A plate of shumai at Dumpling House

Go-to item #1: Pork and mushroom shumai

“I always eat this while it’s still burn-off-your-tongue-hot. I never learn—must be a chef thing. Generally speaking, you get a nice hit of both porkiness and mushrooms—the texture, fattiness and hint of sweetness that make it so delicious. As a counterbalance, I usually dip the dumplings in their house soy-sauce-and-vinegar mix with lots of chili oil blended in. To be honest, they’re not the best shumai I’ve had in the city, but they’re filling and they leave me feeling like I’ve made a healthy meal because they’re steamed.”

A tray of steamed dumplings

Go-to item #2: Steamed chive and pork dumplings

“The skin on the house-made dumplings is not wafer thin but actually a bit thicker and pleasantly chewy. And the way they’ve steamed them gives off a soup dumpling vibe. Overall, they have a simple and clean flavour—kind of the opposite of my food at Canoe.”

A green onion pancake

Go-to item #3: Spring onion pancake

“These are actually neutral in flavour but texturally crispy and fatty—not greasy, though. They’re the perfect vehicle to dunk in my mixture of chili oil, vinegar and soy sauce.”

A jar of soy sauce and vinegar sits next to a jar of chili oil on a table at Toronto's Dumpling House

Women make dumplings in a kitchen

Que Ling

248 Boulton Ave., 416- 778-4038, no website, cash only

A person walks into Que Ling, a Vietnamese restaurant in Toronto's east end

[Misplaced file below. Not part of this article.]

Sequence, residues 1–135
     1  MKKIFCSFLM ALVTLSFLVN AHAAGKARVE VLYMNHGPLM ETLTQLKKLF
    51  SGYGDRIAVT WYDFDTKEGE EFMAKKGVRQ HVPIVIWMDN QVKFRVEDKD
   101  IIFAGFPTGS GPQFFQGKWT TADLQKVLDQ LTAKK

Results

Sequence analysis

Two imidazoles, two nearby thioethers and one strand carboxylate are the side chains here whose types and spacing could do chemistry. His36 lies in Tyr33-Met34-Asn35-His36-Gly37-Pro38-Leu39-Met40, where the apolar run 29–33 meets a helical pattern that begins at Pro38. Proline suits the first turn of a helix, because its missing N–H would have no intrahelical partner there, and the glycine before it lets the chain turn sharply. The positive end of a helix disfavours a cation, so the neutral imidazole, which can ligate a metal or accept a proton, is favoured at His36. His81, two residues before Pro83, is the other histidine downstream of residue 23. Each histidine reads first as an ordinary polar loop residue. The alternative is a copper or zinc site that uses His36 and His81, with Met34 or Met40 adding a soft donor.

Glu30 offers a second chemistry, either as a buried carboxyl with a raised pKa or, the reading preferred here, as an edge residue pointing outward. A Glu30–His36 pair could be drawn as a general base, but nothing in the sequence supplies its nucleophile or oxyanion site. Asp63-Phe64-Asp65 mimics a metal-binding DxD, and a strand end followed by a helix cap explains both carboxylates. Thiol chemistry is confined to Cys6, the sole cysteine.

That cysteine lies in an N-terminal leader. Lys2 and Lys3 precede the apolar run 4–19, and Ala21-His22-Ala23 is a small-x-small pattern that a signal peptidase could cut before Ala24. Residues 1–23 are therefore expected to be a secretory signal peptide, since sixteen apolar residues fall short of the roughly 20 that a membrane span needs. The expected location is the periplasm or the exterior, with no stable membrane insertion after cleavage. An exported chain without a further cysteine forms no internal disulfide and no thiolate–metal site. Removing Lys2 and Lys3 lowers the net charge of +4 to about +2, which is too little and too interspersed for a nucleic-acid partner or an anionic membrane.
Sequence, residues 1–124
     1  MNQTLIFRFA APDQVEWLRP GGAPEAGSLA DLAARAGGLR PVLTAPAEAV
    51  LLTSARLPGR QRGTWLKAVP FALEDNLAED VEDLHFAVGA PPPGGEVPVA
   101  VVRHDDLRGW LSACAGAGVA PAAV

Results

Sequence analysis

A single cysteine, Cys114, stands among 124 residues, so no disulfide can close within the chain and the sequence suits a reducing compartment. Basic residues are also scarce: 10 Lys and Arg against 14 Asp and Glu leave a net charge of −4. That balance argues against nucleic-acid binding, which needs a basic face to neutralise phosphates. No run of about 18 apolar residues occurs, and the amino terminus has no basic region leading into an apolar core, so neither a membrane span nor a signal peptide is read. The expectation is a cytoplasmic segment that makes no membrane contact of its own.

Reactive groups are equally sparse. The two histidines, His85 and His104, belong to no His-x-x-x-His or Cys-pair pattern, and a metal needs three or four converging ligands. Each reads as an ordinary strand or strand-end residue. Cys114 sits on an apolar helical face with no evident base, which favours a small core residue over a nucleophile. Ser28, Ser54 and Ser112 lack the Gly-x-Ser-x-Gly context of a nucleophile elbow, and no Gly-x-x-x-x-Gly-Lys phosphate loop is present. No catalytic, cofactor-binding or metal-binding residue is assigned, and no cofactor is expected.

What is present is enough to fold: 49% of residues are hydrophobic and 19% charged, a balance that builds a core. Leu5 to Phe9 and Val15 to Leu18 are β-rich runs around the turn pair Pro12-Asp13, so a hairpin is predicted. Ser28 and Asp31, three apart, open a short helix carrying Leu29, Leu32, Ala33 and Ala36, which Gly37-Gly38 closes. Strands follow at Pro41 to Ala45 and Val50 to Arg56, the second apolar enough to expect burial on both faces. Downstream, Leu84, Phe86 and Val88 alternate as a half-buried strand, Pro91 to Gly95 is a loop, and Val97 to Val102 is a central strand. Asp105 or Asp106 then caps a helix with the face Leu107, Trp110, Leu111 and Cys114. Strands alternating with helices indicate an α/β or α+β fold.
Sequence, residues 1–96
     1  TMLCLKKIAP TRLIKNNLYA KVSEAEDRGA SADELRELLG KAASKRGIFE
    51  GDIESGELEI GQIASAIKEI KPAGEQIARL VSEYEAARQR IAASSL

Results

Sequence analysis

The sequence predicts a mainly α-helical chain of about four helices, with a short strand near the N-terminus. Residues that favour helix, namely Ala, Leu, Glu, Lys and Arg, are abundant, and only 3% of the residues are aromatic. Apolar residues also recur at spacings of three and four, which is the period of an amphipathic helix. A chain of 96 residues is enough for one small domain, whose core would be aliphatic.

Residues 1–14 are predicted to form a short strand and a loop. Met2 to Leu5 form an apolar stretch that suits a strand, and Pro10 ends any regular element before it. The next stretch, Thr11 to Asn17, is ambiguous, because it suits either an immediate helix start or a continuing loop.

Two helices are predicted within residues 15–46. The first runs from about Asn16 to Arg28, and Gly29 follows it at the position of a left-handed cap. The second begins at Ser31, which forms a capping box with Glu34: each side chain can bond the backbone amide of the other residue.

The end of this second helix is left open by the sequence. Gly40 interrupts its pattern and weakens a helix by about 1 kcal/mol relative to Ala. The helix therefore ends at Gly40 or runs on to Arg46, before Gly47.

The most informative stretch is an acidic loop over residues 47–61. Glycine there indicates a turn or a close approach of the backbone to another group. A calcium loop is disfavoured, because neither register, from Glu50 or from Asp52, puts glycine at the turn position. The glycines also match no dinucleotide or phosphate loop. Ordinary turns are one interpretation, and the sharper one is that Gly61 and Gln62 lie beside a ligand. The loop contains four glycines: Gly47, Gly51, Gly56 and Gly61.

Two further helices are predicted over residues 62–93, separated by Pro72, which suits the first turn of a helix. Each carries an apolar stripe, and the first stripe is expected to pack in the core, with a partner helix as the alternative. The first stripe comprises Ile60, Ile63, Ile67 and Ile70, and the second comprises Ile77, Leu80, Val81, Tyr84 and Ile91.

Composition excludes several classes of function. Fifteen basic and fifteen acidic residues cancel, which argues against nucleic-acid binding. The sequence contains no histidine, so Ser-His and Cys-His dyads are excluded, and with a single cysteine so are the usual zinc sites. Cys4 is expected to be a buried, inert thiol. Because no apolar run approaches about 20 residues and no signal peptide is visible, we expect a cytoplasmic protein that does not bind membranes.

“This place is just off Gerrard, so I found it completely by accident on one of my walks. Now I go here religiously on my days off. Daniel Duong and his family have run Que Ling since 1997. For me, it’s like a Cheers situation—everyone knows my name and order. It’s these little touches of hospitality that make the difference for me.”

A person adds chili crisp to a bowl of pho at Que Ling in Toronto

Go-to item #1: Que Ling special rice noodle soup

“I like to sit here by myself and just appreciate this bowl of pho—it’s almost like a timeout from everything. The thing that makes it so delicious is the robust depth of flavour they have achieved with their broth. The base is just so bloody good. It’s clean, fresh, a touch sweet and medicinal in the sense that it feels cleansing when you slurp it. Then I go in and add my bean sprouts, Thai basil, culantro leaves and spearmint—but not Thai chili peppers. I learned the hard way once, when I touched my face after touching the peppers. But I make up the heat by adding an aggressive amount of sriracha and chili oil, without overpowering the flavour of the broth. Also, the huge portion of vermicelli noodles mixed with brisket, raw beef, tripe and tendon makes it that much better.”